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City Hall Simplifies Property Confiscation Process

The bill foresees City Hall being able to complete seizure of land and buildings 30 days after notifying the owner. Andrei Makhonin

The confiscation process for private land in expanded Moscow will not take more than 30 days, according to a bill being discussed by the municipal government, Vedomosti has learned.

The need to develop new legislation to facilitate official construction in the added territory was ordered by then-President Dmitry Medvedev. Officials said the first draft of the bill, which appeared in July, was "raw," and they confirmed that it would be improved.

The new bill is even tougher in dealing with owners of property that the city wants to seize. As of now, the land acquisition process for state needs, such as infrastructure, construction and the like, requires that owners be given at least a year's notice, which can result in either a court case or an evaluation and sale in case of mutual agreement.

The bill foresees a simplified confiscation system. Once the government has determined it needs the property, it sends the owner a notification and a contract proposal that already includes a valuation made by independent appraisers.

If the owner doesn't agree, officials can start a court case that judges the legitimacy of the confiscation and the fairness of the price offered. A source told Vedomosti that the original idea was to give property owners three months to consider the offer.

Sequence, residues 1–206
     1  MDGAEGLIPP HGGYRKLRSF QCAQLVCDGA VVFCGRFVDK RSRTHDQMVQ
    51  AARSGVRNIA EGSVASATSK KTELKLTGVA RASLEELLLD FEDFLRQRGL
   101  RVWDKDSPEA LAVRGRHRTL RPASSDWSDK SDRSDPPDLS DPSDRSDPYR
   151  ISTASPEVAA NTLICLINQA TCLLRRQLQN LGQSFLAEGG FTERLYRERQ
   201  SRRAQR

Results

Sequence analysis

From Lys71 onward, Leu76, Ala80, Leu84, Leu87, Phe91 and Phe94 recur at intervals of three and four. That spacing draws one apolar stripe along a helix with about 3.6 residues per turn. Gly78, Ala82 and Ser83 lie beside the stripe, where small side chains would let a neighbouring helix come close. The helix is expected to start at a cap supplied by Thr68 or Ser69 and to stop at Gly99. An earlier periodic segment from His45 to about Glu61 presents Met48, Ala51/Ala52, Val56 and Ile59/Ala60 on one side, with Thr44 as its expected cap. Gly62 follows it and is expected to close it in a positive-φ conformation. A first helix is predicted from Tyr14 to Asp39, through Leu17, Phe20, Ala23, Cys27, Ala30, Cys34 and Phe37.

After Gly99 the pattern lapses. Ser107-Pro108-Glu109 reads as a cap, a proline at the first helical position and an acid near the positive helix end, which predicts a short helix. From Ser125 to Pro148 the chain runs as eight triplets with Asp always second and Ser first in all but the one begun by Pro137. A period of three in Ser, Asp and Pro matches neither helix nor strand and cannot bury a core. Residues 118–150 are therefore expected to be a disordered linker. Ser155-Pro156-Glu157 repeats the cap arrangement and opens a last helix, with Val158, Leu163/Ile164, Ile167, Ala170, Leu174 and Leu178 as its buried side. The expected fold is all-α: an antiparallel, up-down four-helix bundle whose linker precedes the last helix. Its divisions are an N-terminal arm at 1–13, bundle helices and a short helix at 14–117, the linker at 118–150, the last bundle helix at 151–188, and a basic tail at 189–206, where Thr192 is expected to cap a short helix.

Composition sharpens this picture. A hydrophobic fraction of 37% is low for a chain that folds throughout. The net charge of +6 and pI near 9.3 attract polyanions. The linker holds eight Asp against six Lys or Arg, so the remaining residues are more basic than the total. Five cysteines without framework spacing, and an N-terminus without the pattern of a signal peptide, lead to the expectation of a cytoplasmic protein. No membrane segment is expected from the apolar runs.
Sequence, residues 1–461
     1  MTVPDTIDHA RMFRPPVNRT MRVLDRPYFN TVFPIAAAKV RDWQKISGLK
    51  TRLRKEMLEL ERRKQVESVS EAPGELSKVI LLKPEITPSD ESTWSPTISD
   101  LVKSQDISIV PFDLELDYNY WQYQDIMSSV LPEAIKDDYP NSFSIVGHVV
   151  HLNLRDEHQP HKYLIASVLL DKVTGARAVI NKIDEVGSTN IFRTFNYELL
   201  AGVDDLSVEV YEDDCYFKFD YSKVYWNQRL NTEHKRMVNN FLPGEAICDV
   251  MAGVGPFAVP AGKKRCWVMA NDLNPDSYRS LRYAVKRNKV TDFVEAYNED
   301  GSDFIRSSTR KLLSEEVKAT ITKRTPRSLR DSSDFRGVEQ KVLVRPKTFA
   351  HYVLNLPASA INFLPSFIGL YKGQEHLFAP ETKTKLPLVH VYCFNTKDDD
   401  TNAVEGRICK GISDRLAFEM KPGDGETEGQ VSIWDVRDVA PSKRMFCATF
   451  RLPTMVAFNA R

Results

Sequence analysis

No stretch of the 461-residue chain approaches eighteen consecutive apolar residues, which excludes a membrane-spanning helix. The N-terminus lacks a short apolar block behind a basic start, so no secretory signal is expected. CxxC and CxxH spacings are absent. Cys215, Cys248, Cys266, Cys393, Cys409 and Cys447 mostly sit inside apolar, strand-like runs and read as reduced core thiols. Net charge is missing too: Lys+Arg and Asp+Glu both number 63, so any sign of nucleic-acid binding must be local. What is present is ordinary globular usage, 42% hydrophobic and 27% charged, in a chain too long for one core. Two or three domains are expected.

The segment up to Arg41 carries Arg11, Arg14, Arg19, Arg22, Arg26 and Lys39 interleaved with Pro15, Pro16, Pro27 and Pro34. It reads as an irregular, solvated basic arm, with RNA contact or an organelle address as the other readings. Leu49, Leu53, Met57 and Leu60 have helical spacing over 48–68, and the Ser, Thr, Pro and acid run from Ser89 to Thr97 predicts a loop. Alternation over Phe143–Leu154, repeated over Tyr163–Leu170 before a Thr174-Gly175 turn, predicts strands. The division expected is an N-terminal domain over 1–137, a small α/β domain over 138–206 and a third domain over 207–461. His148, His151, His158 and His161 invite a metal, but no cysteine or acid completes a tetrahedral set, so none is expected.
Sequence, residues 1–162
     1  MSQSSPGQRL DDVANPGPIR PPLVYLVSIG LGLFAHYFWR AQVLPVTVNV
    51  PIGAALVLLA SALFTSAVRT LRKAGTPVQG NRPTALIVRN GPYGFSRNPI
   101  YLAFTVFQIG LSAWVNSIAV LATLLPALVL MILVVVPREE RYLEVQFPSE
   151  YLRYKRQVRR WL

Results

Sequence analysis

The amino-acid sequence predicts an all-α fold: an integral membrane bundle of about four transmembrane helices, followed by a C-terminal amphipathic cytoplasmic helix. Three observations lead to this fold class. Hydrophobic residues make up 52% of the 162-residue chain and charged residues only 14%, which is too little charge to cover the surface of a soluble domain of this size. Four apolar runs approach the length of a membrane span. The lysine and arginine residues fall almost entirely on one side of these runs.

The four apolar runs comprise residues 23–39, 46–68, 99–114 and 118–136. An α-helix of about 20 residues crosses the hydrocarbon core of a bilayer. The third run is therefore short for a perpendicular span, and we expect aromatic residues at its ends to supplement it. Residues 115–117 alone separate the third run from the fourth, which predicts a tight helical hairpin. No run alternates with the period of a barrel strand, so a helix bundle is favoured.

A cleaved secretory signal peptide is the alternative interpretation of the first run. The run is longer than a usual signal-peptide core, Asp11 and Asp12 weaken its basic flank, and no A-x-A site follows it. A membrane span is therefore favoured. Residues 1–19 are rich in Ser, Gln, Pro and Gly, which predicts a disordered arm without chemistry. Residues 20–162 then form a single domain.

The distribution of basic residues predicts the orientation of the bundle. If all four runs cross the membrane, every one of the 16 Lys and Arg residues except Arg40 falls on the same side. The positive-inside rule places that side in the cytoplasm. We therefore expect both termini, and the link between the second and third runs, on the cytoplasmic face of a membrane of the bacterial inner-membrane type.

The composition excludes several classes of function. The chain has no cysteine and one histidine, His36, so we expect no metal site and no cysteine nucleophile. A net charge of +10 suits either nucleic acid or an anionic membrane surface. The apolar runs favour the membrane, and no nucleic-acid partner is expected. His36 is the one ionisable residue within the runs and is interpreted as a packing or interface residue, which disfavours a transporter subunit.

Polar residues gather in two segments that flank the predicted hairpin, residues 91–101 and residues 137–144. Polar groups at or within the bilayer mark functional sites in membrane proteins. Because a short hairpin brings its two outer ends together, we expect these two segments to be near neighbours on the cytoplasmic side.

But Andrei Ivakin, a department director at the Economic Development Ministry, said the government decided to cap the consideration period at one month.

The document is being finalized at the federal level under the auspices of Deputy Prime Minister Dmitry Kozak. No final decision has been made on the project, a spokesman for Kozak said.

The authorities will try not to confiscate private property, and a month is more than enough time for a legal entity to make a decision, a source at City Hall said.

But experts disagree.

"A month is a very short period of time for a decision by the owner," said Baker & McKenzie partner Konstantin Kuzin. "To prepare a competent response to the authorities, it's necessary to gather a large number of documents. And what if the official notification about the confiscation gets lost or doesn't arrive on time?"

"The city will face a wave of lawsuits from people who don't agree with the confiscation, and it will eventually have to negotiation anyway," one large landholder said.

"Well, at least they're not doing the confiscation in one minute," another property owner said.

Kuzin doesn't see the need to rush.

"In expanded Moscow, no one is planning on hosting the Olympics or an APEC summit, and there is still no decision to move officials there," he said.

The bill also envisions allowing city authorities the right to distribute land and hire contractors without a tender. Currently, only the president has that right. It is also allowed for Olympic projects.

But these provisions of the legislation will not apply to all of the expanded territory, only to specific properties relating to engineering, transportation and social infrastructure that will be on a list to be approved by the government, a source in the city construction sector said.

City Hall hopes the bill will come before the State Duma this fall.

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